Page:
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The last time I had a vivid experience of déjà vu, I wondered—what’s the purpose of this strange phenomenon? What can I actually do with it?
Here’s what happened: Ten years ago, I had a lucid, powerful dream that seemed to be set sometime in the future. I dreamed about a beautiful place in forested mountains, replete with rivers and lakes surrounded by tall pine trees, and I saw a wooden house in that forest. At the time I lived in the middle of highly-urbanized Los Angeles—a long way from any forested mountains or alpine lakes. (We did have rivers—of cars on the freeway.) But my dream stuck with me, like highly-detailed, vivid dreams will often do, and even recurred a few times. I came to think of those dreams as nice and hopefully predictive foreshadowings of someplace I might go on vacation one day, maybe.
But four years ago, I moved to that exact place.
When my wife and I first drove into the town where we now live, in the thickly-forested foothills of the Sierra Nevada Mountains in Northern California, I immediately recognized what I’d seen in those dreams. Although I had never visited the town before or even seen pictures of it, I somehow knew it. Each road, each building and each mountaintop seemed instantly familiar. When I turned a corner, I already knew what would be around that corner. When we found the house we live in now, I immediately recognized it, too, every detail already firmly imprinted in my mind. It was the exact house I’d seen in my dreams. Whoa.
But what’s the point, I wondered? Whether my dreams showed me a future vision of where I would live or not, they certainly didn’t direct me to this place, I figured. Or did they?
As I thought about it some more, I knew, suddenly, that somewhere in the strangeness of the past and present colliding, I had chanced upon something profound. Since that first instance of déjà vu ten years ago, I obviously took steps, whether consciously or subconsciously, that led me here. What, I immediately wondered, did the Baha'i teachings have to say about all this?
I found my answer in Baha’u’llah’s writings—but I’m still trying to understand that answer:
Know thou of a truth that the worlds of God are countless in their number, and infinite in their range. None can reckon or comprehend them except God, the All-Knowing, the All-Wise. Consider thy state when asleep. Verily, I say, this phenomenon is the most mysterious of the signs of God amongst men, were they to ponder it in their hearts. Behold how the thing which thou hast seen in thy dream is, after a considerable lapse of time, fully realized. Had the world in which thou didst find thyself in thy dream been identical with the world in which thou livest, it would have been necessary for the event occurring in that dream to have transpired in this world at the very moment of its occurrence. Were it so, you yourself would have borne witness unto it. This being not the case, however, it must necessarily follow that the world in which thou livest is different and apart from that which thou hast experienced in thy dream. – Baha’u’llah, Gleanings from the Writings of Baha’u’llah, p. 151.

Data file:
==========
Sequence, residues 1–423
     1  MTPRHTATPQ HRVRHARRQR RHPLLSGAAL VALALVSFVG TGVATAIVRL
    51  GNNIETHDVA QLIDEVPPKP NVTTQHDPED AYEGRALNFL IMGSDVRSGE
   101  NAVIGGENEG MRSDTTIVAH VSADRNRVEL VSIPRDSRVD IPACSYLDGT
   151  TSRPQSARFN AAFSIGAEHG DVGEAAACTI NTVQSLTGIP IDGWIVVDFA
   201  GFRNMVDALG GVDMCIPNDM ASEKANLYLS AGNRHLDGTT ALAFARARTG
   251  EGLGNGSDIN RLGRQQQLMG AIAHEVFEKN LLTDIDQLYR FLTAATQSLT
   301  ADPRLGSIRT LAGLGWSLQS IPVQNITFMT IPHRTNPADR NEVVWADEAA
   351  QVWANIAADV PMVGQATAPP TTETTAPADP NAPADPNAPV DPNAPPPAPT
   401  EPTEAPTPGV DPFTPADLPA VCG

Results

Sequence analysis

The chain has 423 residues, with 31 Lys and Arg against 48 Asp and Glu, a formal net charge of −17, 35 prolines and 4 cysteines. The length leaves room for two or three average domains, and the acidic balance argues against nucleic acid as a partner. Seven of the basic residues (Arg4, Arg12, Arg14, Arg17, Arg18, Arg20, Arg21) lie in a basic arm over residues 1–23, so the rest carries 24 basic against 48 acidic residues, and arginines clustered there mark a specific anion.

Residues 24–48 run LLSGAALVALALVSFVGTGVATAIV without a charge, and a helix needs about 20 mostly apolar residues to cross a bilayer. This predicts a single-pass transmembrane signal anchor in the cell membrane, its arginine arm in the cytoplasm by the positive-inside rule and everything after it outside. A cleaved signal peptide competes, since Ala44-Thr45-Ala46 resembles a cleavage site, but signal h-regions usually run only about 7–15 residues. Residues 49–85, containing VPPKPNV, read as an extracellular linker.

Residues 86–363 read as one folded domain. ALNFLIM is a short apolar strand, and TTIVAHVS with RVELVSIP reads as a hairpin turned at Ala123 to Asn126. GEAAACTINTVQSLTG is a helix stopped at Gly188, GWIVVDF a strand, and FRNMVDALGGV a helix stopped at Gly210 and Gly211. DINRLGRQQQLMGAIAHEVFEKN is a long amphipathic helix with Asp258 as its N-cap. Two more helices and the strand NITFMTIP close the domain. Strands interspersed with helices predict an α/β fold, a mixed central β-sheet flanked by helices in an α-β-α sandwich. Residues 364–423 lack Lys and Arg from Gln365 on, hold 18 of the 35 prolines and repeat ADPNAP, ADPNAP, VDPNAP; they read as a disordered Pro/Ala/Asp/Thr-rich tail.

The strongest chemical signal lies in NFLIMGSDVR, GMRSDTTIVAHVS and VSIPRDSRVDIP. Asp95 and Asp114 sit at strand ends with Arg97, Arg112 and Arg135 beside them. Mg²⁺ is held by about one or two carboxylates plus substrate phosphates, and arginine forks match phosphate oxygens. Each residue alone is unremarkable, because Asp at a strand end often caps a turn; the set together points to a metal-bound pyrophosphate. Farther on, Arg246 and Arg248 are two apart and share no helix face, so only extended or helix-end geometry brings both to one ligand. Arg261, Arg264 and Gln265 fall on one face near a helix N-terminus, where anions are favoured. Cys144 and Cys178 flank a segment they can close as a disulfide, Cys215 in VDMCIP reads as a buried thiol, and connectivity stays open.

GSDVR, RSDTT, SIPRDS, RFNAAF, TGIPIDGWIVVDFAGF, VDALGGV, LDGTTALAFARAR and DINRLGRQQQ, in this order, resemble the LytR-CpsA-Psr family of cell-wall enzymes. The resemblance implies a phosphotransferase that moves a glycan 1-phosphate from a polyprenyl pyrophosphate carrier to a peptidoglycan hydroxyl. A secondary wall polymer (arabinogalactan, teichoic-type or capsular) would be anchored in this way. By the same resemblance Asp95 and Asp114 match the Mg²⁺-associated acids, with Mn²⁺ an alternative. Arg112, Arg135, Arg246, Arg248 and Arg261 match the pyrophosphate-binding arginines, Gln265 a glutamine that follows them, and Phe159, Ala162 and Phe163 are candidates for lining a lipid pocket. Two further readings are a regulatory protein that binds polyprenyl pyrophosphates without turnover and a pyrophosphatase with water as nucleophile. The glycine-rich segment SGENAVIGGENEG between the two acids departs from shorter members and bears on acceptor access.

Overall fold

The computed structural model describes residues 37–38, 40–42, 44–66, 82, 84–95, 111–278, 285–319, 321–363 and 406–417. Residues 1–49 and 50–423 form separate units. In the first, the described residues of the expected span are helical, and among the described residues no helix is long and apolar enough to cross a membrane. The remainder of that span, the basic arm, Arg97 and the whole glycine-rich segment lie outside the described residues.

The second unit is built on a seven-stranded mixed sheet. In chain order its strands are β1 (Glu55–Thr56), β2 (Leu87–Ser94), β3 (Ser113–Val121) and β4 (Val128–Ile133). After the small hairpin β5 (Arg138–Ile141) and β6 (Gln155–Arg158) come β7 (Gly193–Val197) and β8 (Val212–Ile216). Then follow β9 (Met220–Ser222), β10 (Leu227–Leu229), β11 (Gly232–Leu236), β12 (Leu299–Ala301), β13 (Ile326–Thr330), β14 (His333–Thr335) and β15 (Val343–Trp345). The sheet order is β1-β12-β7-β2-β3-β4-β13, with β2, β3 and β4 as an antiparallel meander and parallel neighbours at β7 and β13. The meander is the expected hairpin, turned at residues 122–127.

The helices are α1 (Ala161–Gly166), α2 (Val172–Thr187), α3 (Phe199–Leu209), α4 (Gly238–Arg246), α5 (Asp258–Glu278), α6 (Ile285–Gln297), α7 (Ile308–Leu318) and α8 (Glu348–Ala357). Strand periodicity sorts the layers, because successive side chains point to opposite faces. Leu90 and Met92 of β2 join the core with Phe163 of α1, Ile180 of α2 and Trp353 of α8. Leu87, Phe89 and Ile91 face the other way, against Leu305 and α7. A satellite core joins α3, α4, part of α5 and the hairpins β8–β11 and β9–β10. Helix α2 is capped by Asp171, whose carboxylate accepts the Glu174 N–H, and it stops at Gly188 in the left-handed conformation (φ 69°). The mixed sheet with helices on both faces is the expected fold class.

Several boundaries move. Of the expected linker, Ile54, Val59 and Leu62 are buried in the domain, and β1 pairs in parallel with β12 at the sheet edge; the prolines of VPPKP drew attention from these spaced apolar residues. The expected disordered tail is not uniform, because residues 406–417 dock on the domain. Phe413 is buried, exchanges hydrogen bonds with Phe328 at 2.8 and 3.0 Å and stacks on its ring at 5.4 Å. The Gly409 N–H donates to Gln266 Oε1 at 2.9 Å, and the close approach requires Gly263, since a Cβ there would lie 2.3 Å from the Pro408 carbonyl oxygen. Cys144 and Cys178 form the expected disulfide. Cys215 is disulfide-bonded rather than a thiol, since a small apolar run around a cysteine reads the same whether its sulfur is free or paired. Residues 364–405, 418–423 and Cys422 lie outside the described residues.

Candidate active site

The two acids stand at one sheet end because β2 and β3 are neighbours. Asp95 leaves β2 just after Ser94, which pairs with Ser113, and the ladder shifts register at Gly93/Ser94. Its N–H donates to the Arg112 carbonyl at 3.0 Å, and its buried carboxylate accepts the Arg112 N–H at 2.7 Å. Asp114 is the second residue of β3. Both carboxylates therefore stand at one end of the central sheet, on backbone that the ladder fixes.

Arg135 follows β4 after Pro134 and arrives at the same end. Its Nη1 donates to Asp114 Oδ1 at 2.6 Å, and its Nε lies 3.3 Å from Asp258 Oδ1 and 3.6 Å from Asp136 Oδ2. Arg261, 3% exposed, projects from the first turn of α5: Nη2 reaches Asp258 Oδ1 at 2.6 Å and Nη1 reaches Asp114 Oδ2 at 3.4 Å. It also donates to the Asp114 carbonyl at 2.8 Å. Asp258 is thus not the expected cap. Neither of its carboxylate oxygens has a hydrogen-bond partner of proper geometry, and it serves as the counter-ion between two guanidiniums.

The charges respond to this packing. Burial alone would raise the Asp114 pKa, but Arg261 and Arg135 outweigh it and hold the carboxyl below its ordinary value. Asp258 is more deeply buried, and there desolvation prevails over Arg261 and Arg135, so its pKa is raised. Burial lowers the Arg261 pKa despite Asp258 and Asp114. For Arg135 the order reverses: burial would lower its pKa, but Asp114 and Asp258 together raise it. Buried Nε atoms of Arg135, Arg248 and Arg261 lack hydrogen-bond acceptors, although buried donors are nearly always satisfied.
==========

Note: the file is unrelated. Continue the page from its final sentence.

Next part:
Does Baha’u’llah, in this passage from his mystical writings, mean to say that we have access to an alternate world in our dreams? Do our dreams transcend time, perhaps, going beyond earthbound notions of past and future?
In the next part of this same passage, Baha’u’llah seems to imply that we each contain hidden realms that truly do transcend time and space—that the world of dreams, “wrapped up within thee,” encompasses “the innermost reality of this world:”
This latter world hath neither beginning nor end. It would be true if thou wert to contend that this same world is, as decreed by the All-Glorious and Almighty God, within thy proper self and is wrapped up within thee. It would equally be true to maintain that thy spirit, having transcended the limitations of sleep and having stripped itself of all earthly attachment, hath, by the act of God, been made to traverse a realm which lieth hidden in the innermost reality of this world. Verily I say, the creation of God embraceth worlds besides this world, and creatures apart from these creatures. In each of these worlds He hath ordained things which none can search except Himself, the All-Searching, the All-Wise. Do thou meditate on that which We have revealed unto thee, that thou mayest discover the purpose of God, thy Lord, and the Lord of all worlds. In these words the mysteries of Divine Wisdom have been treasured. – Ibid.
Baha’is believe that every human being has a soul. That eternal soul, the Baha'i teachings say, allows us to seek a reality beyond this temporary and temporal world, to dream of the world to come:
…we must endeavor through the assistance and grace of God and by the exercise of our ideal power of intellect to attain all lofty virtues, that we may witness the effulgence of the Sun of Reality, reflect the spirit of the Kingdom, behold the manifest evidences of the reality of Divinity, comprehend irrefutable proofs of the immortality of the soul, live in conscious at-one-ment with the eternal world and become quickened and awake with the life and love of God. - Abdu'l-Baha, The Promulgation of Universal Peace, p. 328.